Monterey Jack cheese is a cheese which originated along the central California coast, and has since spread throughout the United States. It is one of the few cheeses which can rightfully be called “American,” since it was developed in the United States, although it certainly owes inspiration to European cheeses. Two versions of these cheese are available, a fresh one and a version called dry Jack, which tends to pop up only in specialty shops. A variant, Sonoma Jack, comes from Sonoma County, California.
Although Monterey Jack is an American cheese, it was developed before California entered the Union, and it actually has a long and colorful history. Franciscan monks in monasteries around the Monterey region first started making the cheese in the 1700s, creating a cheese which is aged only briefly before being served. The cow's milk cheese is semi-firm with a creamy, mild flavor and a high moisture content. Mexican and Spanish inspired cuisine in California often uses Monterey Jack, and the cheese also melts very well, making it quite suitable for grilled cheese sandwiches.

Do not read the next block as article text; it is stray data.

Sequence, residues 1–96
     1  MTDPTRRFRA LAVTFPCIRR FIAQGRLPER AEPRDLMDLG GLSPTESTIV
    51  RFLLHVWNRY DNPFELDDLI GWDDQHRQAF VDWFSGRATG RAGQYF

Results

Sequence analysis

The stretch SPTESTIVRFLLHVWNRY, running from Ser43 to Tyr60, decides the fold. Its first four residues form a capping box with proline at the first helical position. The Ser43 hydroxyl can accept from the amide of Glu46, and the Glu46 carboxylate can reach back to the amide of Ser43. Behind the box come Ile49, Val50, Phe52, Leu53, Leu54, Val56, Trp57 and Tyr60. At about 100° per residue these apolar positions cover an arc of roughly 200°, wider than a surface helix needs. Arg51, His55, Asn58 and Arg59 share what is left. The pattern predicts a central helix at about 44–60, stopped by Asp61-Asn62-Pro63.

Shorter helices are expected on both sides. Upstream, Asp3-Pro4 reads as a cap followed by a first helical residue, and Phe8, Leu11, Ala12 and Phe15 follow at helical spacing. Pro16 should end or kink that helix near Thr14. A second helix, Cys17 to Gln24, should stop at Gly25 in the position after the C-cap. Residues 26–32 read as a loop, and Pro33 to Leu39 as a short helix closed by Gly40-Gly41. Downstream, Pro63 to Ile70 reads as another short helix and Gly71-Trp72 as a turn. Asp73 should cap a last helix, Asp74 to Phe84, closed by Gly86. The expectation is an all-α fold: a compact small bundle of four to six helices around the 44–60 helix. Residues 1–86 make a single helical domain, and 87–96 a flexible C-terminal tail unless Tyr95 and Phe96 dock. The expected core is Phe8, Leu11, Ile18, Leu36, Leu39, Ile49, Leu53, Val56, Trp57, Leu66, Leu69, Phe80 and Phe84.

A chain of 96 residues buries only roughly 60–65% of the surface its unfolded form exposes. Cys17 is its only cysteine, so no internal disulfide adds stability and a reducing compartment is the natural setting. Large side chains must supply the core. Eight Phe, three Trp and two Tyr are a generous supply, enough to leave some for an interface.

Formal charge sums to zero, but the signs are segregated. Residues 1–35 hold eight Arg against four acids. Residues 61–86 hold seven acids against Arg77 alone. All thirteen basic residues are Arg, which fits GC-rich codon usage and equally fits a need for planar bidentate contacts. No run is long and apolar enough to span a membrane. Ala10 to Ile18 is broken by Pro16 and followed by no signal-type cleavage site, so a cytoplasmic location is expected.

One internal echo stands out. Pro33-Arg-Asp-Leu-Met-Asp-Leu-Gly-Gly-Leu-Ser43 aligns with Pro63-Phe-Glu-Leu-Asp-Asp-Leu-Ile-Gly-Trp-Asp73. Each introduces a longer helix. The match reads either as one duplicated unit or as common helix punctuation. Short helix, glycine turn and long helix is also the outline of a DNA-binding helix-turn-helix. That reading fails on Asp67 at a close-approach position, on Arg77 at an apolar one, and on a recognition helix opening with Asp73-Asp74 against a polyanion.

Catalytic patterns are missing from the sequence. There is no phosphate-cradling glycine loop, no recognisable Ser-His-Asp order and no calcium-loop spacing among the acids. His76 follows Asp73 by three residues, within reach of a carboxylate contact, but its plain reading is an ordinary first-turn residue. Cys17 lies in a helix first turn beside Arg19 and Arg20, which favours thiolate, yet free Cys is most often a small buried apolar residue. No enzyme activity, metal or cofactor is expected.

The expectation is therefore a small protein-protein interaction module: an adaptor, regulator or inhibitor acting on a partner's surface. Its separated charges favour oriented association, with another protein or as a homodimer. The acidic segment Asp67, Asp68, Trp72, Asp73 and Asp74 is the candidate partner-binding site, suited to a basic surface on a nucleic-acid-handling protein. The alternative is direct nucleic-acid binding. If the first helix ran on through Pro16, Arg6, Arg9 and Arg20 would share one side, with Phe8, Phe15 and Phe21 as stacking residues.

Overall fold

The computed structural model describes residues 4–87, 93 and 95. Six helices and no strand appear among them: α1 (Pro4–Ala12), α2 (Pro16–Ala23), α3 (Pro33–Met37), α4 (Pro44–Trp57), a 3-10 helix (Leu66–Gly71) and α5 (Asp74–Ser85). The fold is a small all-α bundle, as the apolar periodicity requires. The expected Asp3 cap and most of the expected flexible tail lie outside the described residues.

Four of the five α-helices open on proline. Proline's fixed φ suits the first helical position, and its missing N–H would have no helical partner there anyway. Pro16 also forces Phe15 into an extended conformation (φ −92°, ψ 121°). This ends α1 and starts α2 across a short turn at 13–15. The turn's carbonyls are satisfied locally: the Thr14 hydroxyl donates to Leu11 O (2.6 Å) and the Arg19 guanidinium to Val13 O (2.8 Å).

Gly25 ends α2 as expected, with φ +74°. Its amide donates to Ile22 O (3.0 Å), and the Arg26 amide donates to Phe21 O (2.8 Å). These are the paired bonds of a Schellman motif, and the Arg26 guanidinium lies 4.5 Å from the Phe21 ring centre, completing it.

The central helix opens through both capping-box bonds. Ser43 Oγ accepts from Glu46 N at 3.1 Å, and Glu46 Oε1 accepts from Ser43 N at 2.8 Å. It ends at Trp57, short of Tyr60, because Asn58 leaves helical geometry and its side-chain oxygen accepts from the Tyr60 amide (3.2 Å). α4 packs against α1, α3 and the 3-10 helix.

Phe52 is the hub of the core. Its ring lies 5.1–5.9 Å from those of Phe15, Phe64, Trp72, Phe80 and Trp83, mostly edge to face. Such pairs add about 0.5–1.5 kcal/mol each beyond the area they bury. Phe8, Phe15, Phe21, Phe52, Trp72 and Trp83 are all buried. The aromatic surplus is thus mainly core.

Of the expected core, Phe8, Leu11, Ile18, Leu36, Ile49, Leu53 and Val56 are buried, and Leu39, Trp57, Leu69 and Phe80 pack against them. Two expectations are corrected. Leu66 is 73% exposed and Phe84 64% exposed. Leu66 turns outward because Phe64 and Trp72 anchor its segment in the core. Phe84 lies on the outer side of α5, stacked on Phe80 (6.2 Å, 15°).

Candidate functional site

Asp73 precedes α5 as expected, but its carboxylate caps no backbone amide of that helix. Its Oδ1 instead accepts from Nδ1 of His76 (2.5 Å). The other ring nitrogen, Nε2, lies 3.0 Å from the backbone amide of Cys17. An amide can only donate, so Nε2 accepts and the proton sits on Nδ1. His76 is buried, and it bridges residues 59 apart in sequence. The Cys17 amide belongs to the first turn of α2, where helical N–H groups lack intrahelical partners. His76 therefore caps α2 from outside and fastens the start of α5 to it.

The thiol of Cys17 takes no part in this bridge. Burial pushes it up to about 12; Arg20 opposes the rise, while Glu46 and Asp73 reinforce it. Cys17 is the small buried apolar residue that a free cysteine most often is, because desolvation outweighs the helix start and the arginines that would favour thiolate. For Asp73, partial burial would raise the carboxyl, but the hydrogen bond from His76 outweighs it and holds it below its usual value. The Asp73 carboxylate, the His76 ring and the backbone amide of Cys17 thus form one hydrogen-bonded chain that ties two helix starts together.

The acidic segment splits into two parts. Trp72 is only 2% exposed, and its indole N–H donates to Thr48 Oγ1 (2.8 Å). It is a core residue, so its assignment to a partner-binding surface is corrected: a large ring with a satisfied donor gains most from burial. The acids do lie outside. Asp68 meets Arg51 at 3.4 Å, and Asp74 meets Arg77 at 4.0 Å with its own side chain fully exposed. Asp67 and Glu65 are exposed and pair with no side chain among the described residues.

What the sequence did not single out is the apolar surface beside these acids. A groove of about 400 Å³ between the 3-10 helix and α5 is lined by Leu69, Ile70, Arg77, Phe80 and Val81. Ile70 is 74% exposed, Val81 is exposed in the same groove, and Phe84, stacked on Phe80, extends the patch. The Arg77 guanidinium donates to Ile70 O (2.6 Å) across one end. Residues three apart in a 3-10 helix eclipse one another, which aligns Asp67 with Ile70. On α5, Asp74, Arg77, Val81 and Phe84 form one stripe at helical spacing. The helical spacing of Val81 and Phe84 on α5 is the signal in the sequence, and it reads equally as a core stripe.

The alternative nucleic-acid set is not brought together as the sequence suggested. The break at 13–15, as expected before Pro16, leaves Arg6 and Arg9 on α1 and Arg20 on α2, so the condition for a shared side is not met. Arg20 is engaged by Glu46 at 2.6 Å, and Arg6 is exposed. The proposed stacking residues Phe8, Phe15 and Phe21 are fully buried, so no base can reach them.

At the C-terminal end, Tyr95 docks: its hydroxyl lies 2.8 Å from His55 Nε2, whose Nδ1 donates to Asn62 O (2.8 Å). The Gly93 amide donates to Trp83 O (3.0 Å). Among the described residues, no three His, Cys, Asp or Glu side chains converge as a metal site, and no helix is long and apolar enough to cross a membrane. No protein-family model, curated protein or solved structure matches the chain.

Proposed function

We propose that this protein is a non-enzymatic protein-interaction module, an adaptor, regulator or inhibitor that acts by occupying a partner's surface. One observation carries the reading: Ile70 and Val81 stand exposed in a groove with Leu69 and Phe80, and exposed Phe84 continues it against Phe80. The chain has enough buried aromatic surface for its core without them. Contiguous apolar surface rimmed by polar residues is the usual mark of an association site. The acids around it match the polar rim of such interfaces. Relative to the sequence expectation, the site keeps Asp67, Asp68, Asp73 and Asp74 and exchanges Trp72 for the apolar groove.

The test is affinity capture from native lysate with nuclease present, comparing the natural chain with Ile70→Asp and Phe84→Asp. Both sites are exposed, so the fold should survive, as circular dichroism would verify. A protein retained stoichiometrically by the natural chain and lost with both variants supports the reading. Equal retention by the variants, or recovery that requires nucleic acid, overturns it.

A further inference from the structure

In the late 1800s, an entrepreneur named David Jack realized that a commercial market for the cheese might exist, and he started selling it in other parts of California. The cheese acquired the name “Monterey Jack's” or “Jack's Monterey,” which later evolved into the current name. Since the cheese is highly versatile, it quickly became a popular seller. Other dairies around California and elsewhere in the United States also began producing this cheese, although some consumers prefer the cheese from Monterey county.
There are a number of variations on the classic Monterey Jack cheese. Some producers add herbs or hot peppers to make herbed Jack or pepper Jack cheeses. This cheese is also sometimes blended with Colby, another mild American cheese, to make Colby Jack. One of the most coveted varieties of Monterey Jack is dry Jack, an aged version of the cheese which can be difficult to find outside of California. Dry Jack acquires a much more complex, sharp flavor and it turns hard enough to be grated and used like Parmesan.
When seeking out Monterey Jack cheese, look for a smooth, evenly colored specimen without signs of cracking or discoloration. The young cheese is somewhat perishable, so it should be used quickly. Dry Jack is more shelf stable, when it can be obtained, and the unique cheese is well worth experiencing, should an opportunity present itself.